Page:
Sun Nov 03 09:31pm EST
Jalen Whitlow had a victorious return from injury against Alabama State, rushing for 101 yards and passing for 186.
With an injured ankle, Whitlow's runs were limited -- meaning we had more opportunities to see him pass the ball against a less-than-stellar secondary.
How'd he do? Well, he completed 16 of 26 passes with two touchdowns. Unusually, though, he was more consistently accurate on deeper throws than shorter throws, offensive coordinator Neal Brown said.
Let's take a look at Whitlow's passing chart:
At first glance, that assessment from Brown may seem wrong. Whitlow completed:
-- Seven of nine passes behind the line of scrimmage (77.8 percent)
-- Six of nine from 0-10 yards past the line of scrimmage (66.7 percent)
-- Three of eight from 10+ yards past the line of scrimmage (37.5 percent)
Besides the usual declining rate of success as you throw further down the field, though, the context of each of these throws matter.
I counted four throws in which Whitlow's pass was significantly off. Here they are:
-- A swing pass to Raymond Sanders four yards behind the line of scrimmage.
-- A six-yard pass toward the sideline to Demarco Robinson.
-- A six-yard out-route to Ryan Timmons.
-- A 21-yard pass down the sideline to Sanders.
Of those three, four were on short-to-intermediate throws.
And each of those four were bad misses, either behind the receiver's momentum or a few yards short/wide of him.
"By no means perfect," Brown said. "You all watched it."
"I don't know, just short-armed it or something," Whitlow said when asked about the short routes.
So those have to get fixed, especially against better opponents when every yard through the air is crucial and the routine plays, as Brown continually harps on, must be made.
However, Whitlow's passing down the field showed improvement. The throw to Borden, for example, was beautiful -- it wasn't against good coverage, but he still had to fit it 20+ yards down the sideline in stride, and between the corner and the safety.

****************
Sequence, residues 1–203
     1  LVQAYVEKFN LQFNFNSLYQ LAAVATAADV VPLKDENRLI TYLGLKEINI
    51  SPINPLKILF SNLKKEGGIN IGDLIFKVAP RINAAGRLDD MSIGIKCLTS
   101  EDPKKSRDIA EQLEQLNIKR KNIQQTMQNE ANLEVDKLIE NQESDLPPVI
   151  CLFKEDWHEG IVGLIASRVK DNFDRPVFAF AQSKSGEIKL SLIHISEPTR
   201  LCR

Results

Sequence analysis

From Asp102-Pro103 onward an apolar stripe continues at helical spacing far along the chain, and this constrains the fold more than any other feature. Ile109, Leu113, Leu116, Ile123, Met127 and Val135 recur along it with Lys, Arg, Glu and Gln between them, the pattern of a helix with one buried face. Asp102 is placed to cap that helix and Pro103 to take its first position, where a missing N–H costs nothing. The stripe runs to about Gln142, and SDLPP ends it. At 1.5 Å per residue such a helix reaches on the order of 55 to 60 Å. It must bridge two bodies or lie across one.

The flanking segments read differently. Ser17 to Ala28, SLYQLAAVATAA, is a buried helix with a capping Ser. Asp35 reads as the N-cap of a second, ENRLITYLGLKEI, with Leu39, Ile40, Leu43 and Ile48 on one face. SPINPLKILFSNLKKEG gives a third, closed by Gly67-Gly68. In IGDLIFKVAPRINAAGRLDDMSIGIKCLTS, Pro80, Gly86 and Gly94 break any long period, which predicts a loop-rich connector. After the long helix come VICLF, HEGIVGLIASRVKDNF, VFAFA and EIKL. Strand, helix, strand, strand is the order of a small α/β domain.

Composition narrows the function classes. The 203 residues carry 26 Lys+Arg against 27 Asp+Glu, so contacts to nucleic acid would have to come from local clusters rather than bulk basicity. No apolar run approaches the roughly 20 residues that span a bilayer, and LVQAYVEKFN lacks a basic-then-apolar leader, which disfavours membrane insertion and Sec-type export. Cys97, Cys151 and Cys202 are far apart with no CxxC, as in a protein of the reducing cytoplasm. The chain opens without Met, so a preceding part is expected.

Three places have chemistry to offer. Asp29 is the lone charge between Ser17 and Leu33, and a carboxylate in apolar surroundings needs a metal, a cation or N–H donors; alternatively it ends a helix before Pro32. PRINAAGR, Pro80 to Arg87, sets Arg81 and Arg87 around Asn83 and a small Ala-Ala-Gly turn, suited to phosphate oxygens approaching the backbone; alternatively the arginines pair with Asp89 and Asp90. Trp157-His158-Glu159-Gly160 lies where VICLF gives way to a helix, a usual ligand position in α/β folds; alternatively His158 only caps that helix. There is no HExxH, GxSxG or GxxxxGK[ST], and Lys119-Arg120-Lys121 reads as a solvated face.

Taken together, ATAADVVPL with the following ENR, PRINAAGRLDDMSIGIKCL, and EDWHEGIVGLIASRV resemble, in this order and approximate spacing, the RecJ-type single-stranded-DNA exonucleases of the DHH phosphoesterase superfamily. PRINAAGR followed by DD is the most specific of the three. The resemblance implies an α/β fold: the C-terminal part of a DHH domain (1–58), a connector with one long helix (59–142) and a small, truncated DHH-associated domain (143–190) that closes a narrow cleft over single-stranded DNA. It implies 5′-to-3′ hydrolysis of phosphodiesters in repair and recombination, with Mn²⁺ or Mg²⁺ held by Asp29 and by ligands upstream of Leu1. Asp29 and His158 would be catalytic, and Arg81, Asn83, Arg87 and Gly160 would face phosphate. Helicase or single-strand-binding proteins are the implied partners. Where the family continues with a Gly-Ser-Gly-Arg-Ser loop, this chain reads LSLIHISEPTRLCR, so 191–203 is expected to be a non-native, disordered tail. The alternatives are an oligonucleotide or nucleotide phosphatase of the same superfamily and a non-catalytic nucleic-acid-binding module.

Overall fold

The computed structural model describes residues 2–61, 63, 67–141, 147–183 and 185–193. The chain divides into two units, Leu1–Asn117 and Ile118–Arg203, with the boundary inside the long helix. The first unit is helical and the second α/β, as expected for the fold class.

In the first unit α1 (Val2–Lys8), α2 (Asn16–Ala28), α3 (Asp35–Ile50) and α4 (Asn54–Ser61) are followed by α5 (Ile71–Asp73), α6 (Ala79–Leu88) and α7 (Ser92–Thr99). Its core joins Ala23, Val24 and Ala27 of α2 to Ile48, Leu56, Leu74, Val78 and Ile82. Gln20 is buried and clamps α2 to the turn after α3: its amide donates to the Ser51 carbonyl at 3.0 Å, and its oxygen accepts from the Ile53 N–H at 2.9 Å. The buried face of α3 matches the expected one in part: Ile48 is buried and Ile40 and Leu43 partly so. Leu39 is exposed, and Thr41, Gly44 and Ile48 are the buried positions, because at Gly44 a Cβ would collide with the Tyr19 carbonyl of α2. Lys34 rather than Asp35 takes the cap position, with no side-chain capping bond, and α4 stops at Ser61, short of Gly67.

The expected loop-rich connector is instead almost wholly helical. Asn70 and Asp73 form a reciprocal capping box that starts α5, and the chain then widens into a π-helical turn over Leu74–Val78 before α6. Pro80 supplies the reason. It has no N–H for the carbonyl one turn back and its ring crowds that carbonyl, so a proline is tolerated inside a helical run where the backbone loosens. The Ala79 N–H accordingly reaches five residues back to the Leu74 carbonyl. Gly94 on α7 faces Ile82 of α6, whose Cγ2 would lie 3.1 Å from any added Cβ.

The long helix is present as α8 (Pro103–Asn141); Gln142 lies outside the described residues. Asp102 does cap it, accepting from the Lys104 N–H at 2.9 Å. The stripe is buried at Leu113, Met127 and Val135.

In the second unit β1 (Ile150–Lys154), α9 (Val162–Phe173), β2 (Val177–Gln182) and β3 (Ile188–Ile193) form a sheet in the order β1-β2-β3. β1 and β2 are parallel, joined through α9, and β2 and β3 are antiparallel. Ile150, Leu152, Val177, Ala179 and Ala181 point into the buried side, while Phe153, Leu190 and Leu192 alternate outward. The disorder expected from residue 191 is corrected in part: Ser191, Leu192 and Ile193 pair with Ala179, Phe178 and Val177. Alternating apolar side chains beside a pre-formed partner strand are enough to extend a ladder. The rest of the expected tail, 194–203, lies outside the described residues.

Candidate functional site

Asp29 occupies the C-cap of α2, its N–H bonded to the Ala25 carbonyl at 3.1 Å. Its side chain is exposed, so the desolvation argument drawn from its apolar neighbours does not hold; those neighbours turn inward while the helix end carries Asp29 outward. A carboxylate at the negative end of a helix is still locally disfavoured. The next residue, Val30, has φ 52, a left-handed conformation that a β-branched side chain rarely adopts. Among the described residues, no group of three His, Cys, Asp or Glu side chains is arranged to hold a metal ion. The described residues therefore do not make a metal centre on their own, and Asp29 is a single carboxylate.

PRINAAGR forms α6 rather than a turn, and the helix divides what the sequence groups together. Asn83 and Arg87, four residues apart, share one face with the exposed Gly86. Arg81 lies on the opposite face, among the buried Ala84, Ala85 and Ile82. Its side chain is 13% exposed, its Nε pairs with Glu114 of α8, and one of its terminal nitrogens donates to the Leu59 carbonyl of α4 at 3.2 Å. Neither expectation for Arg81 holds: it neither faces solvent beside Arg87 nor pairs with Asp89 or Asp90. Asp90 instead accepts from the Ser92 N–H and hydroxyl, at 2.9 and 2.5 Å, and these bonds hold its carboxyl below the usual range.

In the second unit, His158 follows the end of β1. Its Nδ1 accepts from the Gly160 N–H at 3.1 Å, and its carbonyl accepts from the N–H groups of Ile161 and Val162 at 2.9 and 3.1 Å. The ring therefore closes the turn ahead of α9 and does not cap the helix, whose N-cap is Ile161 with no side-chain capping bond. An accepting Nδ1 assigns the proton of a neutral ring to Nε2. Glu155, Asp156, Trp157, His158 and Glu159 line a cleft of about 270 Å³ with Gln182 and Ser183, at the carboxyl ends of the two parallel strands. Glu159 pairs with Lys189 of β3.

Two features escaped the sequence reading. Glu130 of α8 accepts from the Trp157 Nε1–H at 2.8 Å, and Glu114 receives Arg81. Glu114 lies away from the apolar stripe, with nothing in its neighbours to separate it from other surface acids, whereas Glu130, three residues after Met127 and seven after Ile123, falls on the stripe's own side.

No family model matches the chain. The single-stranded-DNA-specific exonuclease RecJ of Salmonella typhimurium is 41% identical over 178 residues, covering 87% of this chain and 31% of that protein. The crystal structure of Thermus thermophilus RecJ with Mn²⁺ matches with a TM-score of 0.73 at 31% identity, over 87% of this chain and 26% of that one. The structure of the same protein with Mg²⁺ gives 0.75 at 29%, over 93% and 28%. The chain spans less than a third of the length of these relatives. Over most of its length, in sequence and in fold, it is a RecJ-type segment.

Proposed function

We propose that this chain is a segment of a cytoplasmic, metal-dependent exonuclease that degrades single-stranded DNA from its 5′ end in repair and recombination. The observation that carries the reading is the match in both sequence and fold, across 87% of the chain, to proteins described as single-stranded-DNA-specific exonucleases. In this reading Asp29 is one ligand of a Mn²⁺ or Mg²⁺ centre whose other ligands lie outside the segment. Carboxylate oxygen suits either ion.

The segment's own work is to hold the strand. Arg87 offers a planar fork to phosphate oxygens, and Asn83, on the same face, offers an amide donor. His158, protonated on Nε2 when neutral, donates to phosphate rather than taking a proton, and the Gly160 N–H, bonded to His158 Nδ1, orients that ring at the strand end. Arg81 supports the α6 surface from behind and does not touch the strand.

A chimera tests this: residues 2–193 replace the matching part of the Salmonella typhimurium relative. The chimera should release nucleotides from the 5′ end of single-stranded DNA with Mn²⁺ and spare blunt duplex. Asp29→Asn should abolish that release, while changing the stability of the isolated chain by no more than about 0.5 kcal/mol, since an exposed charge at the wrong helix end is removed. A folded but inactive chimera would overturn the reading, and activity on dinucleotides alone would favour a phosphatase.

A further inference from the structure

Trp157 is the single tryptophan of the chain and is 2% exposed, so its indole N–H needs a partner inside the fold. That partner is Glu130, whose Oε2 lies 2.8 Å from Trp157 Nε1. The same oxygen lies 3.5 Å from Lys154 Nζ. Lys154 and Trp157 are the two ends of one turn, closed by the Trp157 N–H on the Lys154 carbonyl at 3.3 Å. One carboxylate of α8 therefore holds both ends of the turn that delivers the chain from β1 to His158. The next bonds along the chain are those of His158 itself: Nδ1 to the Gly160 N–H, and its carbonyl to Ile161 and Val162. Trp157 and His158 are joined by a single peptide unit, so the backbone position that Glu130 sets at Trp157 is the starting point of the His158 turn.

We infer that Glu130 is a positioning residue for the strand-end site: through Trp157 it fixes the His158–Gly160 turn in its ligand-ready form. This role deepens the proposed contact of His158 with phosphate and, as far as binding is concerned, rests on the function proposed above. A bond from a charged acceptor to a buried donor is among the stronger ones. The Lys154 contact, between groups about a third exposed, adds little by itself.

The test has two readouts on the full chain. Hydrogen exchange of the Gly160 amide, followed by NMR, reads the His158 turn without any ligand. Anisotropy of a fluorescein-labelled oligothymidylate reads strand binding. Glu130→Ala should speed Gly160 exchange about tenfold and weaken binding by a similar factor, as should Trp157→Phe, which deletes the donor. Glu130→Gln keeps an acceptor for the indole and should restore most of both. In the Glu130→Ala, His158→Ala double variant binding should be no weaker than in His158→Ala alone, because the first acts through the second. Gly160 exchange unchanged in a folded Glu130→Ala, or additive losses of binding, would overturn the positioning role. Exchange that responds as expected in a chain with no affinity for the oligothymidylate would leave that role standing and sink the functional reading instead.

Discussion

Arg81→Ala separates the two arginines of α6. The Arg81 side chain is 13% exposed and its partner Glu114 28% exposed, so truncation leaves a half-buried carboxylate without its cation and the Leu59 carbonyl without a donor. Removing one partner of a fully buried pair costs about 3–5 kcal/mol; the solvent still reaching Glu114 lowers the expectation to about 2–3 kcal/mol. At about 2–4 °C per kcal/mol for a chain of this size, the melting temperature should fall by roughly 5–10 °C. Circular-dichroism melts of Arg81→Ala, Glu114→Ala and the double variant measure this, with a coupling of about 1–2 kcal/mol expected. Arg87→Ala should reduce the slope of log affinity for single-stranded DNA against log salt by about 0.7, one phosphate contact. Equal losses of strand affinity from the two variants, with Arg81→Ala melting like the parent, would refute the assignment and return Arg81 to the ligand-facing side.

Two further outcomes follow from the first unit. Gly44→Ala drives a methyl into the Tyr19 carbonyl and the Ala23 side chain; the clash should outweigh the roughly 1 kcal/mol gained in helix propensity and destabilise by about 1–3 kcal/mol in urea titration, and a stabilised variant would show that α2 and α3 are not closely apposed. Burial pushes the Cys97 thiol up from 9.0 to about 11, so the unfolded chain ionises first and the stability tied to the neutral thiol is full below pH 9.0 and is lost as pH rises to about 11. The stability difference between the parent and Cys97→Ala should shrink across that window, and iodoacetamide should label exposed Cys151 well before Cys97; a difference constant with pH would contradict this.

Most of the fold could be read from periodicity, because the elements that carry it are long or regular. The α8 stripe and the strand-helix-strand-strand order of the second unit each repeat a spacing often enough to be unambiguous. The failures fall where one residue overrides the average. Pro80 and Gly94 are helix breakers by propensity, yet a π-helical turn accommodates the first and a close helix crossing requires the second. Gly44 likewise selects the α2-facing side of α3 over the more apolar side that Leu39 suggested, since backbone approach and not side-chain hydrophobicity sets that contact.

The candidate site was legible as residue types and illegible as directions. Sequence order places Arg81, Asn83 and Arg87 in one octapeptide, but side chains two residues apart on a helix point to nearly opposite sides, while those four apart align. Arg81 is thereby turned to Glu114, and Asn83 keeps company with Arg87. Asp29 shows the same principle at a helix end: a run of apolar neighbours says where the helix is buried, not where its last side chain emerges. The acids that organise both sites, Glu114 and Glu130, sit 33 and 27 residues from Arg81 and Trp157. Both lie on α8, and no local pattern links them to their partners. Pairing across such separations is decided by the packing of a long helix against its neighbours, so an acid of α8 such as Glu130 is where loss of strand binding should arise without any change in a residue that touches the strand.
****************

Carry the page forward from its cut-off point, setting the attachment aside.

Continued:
"That was good to hit that one," Stoop said.
What's more, some incomplete throws down the field were on target. The 35-yard bomb to Badet was just slightly out of the back of the end zone, but it nestled right into his hands. The 18-yard deep throw to Timmons was on the money -- it was jarred out by a quick collision (and may have been influenced by Timmons' previously injured shoulder).
All in all, a strong showing by Whitlow.
Just what Kentucky wanted to see from its banged-up quarterback as it enters the final stretch.
Sat Nov 02 04:21am EDT
Derek Willis has nearly lit Rupp Arena on fire through Kentucky's Blue-White Scrimmage and its exhibition win over Transylvania, scoring a combined 27 points on the back of 7 of 9 three-point shooting.
The offensive onslaught has led to strong buzz about Willis forcing his way into the rotation.
But his defense -- at least, the defense he played against Transy -- could jeopardize that.
"Derek gave up more than he scored," coach John Calipari said of Willis, who scored six points. "You can't be in the game."
Let's take a look at some of the individual defensive lapses.
Play One: Leaving the Corner Three Open
One of Calipari's biggest no-no's is leaving the corner three open. Here we watch Transy run a screen above the arc, and on the opposite side of Willis (bottom of the screen). As the guard tries to get the edge, Willis -- well, Willis doesn't really do anything. He's kinda-sorta helping contain the drive, but his man is also drifting further and further toward the corner, and away from him.
Watching the GIF, you see Willis stay in exactly the same spot as the entire play unfolds. Just can't do that. He has to keep the proper distance between his man and being able to help on the drive.
Play Two: Leaving the Perimeter Unnecessarily
On this one, watch Willis (top of the screen) follow the ball and end up way out of position. As Transy drives the ball on the opposite side of the paint, three players -- Randle, Harrison and Cauley-Stein -- are all around the basket to corral and deter the driver. He pitches to another player on the baseline, who wiggles his way under the basket.
Willis, for some reason, decides that his three huge teammates are not enough and starts to dip down into the paint to help. That leaves his man wide open, and when the ball swings to him, Jarrod Polson has to scramble to cover for Willis. Then, nobody is left to cover for Polson.
Losing Sight of His Man
On this third play, Willis (bottom of the screen) gets caught losing track of his man momentarily. He's guarding his man on the perimeter, in the corner, but gets stuck paying too much attention to a rolling screener coming his way (despite Randle being in front of him).
As Willis hovers near the edge of the paint, his man takes off around the arc. Willis recognizes the movement a beat too late; he's further hampered by a screen that he runs directly into. He makes up enough ground to force a long three, but against a crisper, taller opponent, falling that far behind on a play is crucial.
Play Four: Overcompensation
Willis was struggling defending the arc for most of the defensive possessions he was involved in. Calipari was on him about it, too, throughout the game. Which led to Willis (top of the screen) over-playing his position at times and getting caught doing so -- like on this one, where he seemingly tried to beat his man through the screen, leading to a backdoor cut that didn't quite materialize but was threatening enough.